At a time many desperate young girls are doing unimaginable things, including selling their bodies to make money, a 300 level female student of Public Administration, of the Enugu State University of Science and Technology (ESUT), Agbani, is poised to make a difference.
Juliet Ozioko, 21, said she was pushed by the dwindling economy coupled with the urge to be self-reliant to start the business of preparing and selling Okpa; a popular snack in Igbo land, especially amongst the people of Enugu state.
The enterprise which she started only recently, according to Ozioko, is fast bringing her fame on campus, regardless that many of her classmates mocked her initially.
She told our correspondent that she wakes up early in the morning to start the cooking and by 7am she will be ready to go. Then, she would visit other occupants of a private hostel where she resides in Enugu to find out those would buy the product for breakfast, thereafter, she would take the remaining to the campus in Agbani.
At the campus, she sells to her departmental students before taking what is left to other departments to sell.
Ozioko who also makes a local drink called zobo said: “I started the business just to keep myself busy, get income and augment what I’m getting from my parents for my studies and upkeep.
“I left other businesses and focused on okpa because I am trying to promote one of the best foods Nsukka is widely known for and to promote the culture of my hometown. Mind you, okpa though taken as snacks is one of those foods when you eat it in the morning; it will sustain you for the whole day.”
The young lady disclosed that she makes in the average about N2000 every day from sales, indicating that her studies actually inhibit her desire to expand the trade.
Surprisingly, Ozioko said that she did not have any formal training in preparing the local food but got the skill while she watched her mother cook it overtime.
“I wasn’t trained; I’m just a normal girl who sits in the kitchen while mum cooks, so, my love for okpa made me learn it so fast from my mother,” she said.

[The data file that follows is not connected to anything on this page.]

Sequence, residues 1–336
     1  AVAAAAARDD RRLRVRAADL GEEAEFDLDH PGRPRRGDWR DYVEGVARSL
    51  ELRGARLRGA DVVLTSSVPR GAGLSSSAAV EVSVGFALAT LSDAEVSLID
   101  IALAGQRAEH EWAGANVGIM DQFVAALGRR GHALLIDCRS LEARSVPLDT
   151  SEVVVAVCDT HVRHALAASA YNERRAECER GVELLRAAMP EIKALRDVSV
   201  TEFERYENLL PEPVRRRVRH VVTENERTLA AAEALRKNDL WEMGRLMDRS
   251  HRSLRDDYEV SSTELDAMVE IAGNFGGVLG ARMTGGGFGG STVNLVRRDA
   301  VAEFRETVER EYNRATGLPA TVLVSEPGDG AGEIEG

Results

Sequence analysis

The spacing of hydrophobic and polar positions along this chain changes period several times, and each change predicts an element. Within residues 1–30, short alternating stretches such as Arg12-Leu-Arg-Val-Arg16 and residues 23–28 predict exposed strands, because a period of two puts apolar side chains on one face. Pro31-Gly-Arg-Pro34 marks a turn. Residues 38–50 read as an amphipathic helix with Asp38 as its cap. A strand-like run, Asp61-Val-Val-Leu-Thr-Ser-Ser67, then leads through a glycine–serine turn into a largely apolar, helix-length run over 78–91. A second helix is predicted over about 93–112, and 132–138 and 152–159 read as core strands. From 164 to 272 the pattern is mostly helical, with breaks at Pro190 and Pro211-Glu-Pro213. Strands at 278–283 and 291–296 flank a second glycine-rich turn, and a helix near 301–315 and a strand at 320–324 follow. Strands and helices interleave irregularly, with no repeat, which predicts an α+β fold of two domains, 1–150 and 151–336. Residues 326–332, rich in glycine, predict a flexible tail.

Asked what is special about her okpa, she explained that it is tasty and natural because she does not just use any kind of palm oil, adding that she prepares it under very hygienic condition.
The enterprising student also talked about her plans to package the okpa in a special way that it could with time become a brand.
How do other students look at you on this business?
Some students do murmur things like, I don’t even know that she can do this kind of business and some funny comments, most of them do ask me, Juliet, so you’re now selling okpa and I will reply them, no I am selling suya… the good thing is that the business has kept me away from unnecessary distraction.
How do you combine it with your academics?
I do wake up very early in the morning to make the okpa, latest by 7am it will be ready, then I will take my bath, sell to my fellow students in the hostel and take the rest to school. It doesn’t affect my studies at all.
To what extent do you think you will go in this business?
Well, I can’t really say for now, but I know it’s not ending yet, by God’s grace we might have a factory where we produce okpa in large scale. Again, am targeting places like boarding schools and government institutions where I can get contract to supply the okpa, occasionally.
What are the challenges you face in the business?
During my first week in the business, some students were saying ‘your okpa is too big. You won’t make gain if you continue to size it like this’, but lately they were like, increase the size a bit, that alone is a big challenge because if you don’t serve them right, you might lose customers, and I don’t want to lose any of them. Sometimes, you might not sell as fast as you wished; if I notice that people in our department are not ready to eat okpa, I will have to take it to other departments to sell.
Do you have the capacity to supply large quantity say 1000 pieces, if you get an order?
Yes, and that will give me the opportunity to employ some hands and boost the business.
What is your advice to other students who depend solely on their parents/guardians for all their needs?
My advice for them is that nothing is too small to do; it depends on how you run your business. In whatever you do, always remember there are ups and downs, so you will have to be ready to endure, have patience, be determined, and keep being focused. I urge my fellow students who still depend on their parents for everything to start little business. It will really help them, and keep them away from many negative things. Don’t be shy in anything that earns you little money, be bold, proud and love what you do as long as it’s legitimate. God will lift you. Remember that an idle man is devil’s workshop.